20 December 2005
InternetNZ welcomes Commerce Commission UBS
"An excellent result for New Zealand, which should lead to a better national roll-out of faster, cheaper broadband. We
warmly congratulate the Commission on this decision," is InternetNZ President Colin Jackson's response to today's
Determination by the Commerce Commission on TelstraClear’s application to access the Unbundled Bitstream Service.
"InternetNZ has represented the voice of users in the debates before the Commission throughout the year. We have
invested over $100,000 on behalf of Internet users in seeking a successful outcome to this regulatory process.
"We have argued throughout that the UBS is a component of an Internet service, and as such should be provided to any
access seeker in an unconstrained manner.
"The Determination released today meets this requirement. The Commission's view lines up with our own. The UBS is to be
supplied to TelstraClear at a single price point (around $27 per month) and at the maximum technically feasible speed on
any given line.
"By taking this approach, the Determination ensures that TelstraClear will have maximum flexibility in providing a broad
range of price/service/speed combinations, without reference to Telecom's existing retail offerings or any downstream
speed restrictions imposed by regulation.
"While this Determination only applies to TelstraClear, I am sure that other companies will seek access to the UBS on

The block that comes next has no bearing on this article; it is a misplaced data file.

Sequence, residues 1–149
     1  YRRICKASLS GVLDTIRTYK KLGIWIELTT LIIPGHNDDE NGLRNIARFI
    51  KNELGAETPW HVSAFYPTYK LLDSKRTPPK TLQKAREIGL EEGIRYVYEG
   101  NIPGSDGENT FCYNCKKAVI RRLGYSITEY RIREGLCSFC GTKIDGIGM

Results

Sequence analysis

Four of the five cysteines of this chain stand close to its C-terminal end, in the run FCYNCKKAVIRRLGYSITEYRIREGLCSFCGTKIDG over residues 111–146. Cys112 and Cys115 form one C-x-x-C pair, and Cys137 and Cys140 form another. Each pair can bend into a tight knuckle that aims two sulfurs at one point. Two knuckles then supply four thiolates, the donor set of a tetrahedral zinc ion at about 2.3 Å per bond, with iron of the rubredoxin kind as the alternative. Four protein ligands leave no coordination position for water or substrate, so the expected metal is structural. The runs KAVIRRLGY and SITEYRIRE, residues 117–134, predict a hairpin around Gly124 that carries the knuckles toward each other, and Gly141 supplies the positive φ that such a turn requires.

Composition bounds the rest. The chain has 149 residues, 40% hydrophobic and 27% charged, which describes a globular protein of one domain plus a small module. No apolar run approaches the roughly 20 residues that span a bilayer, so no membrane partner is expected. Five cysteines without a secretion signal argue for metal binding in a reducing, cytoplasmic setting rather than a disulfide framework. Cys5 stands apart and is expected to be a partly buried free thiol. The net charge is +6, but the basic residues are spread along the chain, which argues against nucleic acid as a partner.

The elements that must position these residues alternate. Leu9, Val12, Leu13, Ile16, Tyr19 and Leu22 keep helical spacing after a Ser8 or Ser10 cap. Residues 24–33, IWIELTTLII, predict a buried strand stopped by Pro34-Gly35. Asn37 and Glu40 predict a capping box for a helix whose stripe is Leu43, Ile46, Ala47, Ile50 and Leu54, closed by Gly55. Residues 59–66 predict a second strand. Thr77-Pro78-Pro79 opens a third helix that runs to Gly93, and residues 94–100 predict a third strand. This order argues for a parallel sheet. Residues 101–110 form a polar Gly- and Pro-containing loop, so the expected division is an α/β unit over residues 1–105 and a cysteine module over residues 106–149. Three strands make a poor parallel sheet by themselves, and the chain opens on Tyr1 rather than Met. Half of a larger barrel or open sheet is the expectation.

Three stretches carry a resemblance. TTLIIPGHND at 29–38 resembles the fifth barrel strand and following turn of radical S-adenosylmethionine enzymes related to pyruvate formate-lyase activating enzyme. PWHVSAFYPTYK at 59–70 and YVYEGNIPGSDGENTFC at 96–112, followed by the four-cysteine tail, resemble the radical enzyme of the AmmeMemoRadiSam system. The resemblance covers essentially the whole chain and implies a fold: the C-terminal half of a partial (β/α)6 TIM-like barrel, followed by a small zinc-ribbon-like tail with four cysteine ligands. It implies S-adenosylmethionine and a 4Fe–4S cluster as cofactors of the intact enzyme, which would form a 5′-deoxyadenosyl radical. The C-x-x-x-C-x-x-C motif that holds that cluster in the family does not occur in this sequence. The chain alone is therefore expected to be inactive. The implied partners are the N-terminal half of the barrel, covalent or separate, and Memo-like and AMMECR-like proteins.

the same basis, which would make the whole market more competitive," Colin Jackson said.
"Telecom's arguments that an unconstrained downstream speed threatens access to broadband by some users are not accepted
as a reason to constrain the service – either by the Commission or by InternetNZ. Telecom already offers unconstrained
services on its network, and there is no separate risk created by allowing TelstraClear to do the same.
"Our position of 22nd in the OECD proves that high prices and low speed services to date have limited the public's
appetite for broadband Internet access. This Determination through delivering stronger competition will see lower prices
and faster, better services for all.
"This is one small but significant step forward for the Internet in New Zealand, and InternetNZ welcomes it. New Zealand
still suffers the slowest broadband in the world. I hope the next step may be to remove the 128kbps uplink limit in the
regulated service – the next obvious way to improve broadband services.
"We urgently need to take New Zealand up the OECD broadband rankings. We are disappointed that Telecom may choose to
further delay access to better broadband by challenging this determination in the Courts. New Zealand is already way
behind the mark internationally for uptake of broadband, and Telecom's opposition to this determination is not in the
best interests of New Zealand and its economy.
"We welcome Telecom’s stated ambition to secure better broadband uptake, and urge Telecom to see this Determination as a
step forward in the process of delivering this for New Zealanders, and not take legal steps to further delay its
implementation," concluded Colin Jackson.